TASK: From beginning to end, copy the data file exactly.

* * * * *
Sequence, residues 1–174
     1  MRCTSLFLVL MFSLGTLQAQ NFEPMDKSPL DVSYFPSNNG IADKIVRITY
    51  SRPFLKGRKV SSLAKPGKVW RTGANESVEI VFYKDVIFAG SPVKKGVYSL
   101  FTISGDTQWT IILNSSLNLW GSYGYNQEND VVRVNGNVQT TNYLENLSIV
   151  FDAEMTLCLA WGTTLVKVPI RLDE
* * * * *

Sequence, residues 1–174
     1  MRCTSLFLVL MFSLGTLQAQ NFEPMDKSPL DVSYFPSNNG IADKIVRITY
    51  SRPFLKGRKV SSLAKPGKVW RTGANESVEI VFYKDVIFAG SPVKKGVYSL
   101  FTISGDTQWT IILNSSLNLW GSYGYNQEND VVRVNGNVQT TNYLENLSIV
   151  FDAEMTLCLA WGTTLVKVPI RLDE